The Mountain State’s TRUSTED news source.

Click here to stay informed and subscribe to The Charleston Gazette-Mail.

Click #isupportlocal for more information on supporting our local journalists.


Learn more about HD Media

The bells at the National Cathedral in Washington, D.C., tolled 500 times Monday afternoon. Each ringing note memorialized the death of 1,000 Americans caused by COVID-19. The pandemic that began around this time last year has now claimed more than half-a-million lives in the United States, an almost unthinkable total.

Of those 500,000 deaths, 2,274 have occurred in West Virginia, according to the most recent statistics released Tuesday morning by the state Department of Health and Human Resources. It’s a seemingly small number when viewing the national picture. However, when the state’s relatively small population is taken into account, the death rate tracks more or less in step with surrounding states.

As President Joe Biden noted in a memorial service Monday, the pandemic has now killed more Americans than World War II, the Korean War and the Vietnam War combined. The only armed conflict with more casualties was the Civil War, during which about 620,000 soldiers died.

Of course, this is no war, at least not in the conventional sense. It feels like it sometimes, especially when looking at images of exhausted health care workers trying to save those in overcrowded hospitals. Fellow Americans are losing their lives to microbes traveling in the air that prove just as lethal as any military adversary with a rifle.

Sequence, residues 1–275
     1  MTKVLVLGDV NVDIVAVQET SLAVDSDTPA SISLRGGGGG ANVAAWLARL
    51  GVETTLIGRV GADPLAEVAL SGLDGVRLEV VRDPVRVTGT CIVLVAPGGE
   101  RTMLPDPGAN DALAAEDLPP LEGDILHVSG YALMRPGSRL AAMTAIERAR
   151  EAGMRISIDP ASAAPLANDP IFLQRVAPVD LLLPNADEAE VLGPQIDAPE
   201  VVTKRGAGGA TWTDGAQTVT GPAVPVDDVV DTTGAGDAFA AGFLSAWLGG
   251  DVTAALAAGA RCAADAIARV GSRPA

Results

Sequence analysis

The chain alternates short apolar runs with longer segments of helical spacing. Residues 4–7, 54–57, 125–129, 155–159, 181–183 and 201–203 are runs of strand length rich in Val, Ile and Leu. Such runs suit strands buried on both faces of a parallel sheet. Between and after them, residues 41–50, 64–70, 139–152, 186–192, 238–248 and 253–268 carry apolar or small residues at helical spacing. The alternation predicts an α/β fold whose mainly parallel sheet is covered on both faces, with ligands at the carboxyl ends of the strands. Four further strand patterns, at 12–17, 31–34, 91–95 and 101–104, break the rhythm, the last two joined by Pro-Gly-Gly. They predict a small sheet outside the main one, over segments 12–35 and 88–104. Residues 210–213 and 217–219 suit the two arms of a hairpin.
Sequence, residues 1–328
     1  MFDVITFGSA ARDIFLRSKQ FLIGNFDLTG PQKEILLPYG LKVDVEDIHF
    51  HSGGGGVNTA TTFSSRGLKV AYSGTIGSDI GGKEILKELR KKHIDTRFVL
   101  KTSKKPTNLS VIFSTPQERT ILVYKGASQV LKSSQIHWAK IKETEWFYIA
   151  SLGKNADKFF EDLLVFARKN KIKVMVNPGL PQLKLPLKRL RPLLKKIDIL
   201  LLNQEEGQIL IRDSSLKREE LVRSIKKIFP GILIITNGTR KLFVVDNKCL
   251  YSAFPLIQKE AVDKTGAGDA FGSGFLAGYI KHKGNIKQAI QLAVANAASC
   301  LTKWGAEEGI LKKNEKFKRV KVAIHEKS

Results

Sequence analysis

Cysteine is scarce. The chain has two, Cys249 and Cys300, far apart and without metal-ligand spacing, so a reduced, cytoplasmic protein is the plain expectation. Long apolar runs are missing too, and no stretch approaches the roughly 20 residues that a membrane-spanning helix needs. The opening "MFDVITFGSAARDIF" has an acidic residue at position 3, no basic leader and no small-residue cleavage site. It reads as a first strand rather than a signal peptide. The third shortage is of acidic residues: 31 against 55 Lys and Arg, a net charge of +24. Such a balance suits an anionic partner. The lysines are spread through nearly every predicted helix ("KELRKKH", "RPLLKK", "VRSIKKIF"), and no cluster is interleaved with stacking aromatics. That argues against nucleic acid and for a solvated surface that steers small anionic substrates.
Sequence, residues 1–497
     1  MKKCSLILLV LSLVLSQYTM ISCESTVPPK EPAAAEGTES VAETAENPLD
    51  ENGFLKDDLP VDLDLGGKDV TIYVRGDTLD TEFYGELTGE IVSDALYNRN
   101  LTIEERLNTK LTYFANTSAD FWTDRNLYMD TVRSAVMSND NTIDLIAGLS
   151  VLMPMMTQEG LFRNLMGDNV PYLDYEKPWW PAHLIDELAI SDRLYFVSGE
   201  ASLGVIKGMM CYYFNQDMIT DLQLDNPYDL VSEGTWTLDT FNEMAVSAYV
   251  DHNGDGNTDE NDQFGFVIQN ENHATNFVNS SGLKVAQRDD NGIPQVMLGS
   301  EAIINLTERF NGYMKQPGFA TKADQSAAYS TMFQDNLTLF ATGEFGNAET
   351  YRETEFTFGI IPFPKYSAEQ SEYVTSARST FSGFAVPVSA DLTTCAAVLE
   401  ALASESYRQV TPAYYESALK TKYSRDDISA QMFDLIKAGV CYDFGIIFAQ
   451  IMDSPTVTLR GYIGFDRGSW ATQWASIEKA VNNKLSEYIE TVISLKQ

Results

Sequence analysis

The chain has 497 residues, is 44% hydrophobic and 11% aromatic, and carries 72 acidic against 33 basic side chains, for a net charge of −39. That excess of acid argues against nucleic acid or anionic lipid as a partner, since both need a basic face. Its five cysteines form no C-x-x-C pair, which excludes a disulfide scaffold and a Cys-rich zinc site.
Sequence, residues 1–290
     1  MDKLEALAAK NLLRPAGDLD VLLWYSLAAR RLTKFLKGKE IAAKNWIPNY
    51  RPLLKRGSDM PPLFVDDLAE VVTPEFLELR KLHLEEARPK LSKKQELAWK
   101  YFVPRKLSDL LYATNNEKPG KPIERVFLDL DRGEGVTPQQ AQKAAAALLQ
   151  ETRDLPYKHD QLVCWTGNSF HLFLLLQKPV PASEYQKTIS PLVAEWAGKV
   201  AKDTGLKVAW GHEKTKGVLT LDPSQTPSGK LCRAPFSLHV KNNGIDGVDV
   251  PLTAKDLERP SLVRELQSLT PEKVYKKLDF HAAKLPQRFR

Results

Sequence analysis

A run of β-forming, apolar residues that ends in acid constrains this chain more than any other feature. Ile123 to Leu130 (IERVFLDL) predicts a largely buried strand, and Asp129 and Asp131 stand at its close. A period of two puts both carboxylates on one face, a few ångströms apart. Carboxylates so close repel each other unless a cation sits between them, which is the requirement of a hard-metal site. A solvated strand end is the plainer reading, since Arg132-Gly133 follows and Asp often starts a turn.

Thanks to vaccines and, finally, an organized, unified response, the virus appears to be slowing. Still, over the past week, nearly 2,000 Americans died every day from COVID-19, and vaccines will be put to a tougher test as variant strains of the virus are now spreading throughout the country.

After one of the most trying years in U.S. history, there is a natural inclination to look forward to the light at the end of the tunnel. There’s nothing wrong with that. Hope is an important and powerful thing. Dwelling on what has already occurred, as tragic as it is, can be morbid, a feeling amplified by knowing nothing can be done now to bring back those who died.

But, when the pandemic is at some sort of end, the United States must look back and not only remember, but study the tragedy, so that nothing like this, along with all the mistakes that were made when such a massive loss of life could have been avoided or lessened, ever happens again. If history isn’t preserved in the proper context and examined, it is almost certain to repeat itself one day.

Americans must remember so that all of this death, all of the strife, the economic hardships, and everything else that has come with the pandemic, won’t be for nothing. Ensuring the country moves forward collectively wiser is the best way to honor those 500,000, and the names that are still being added to the list every day.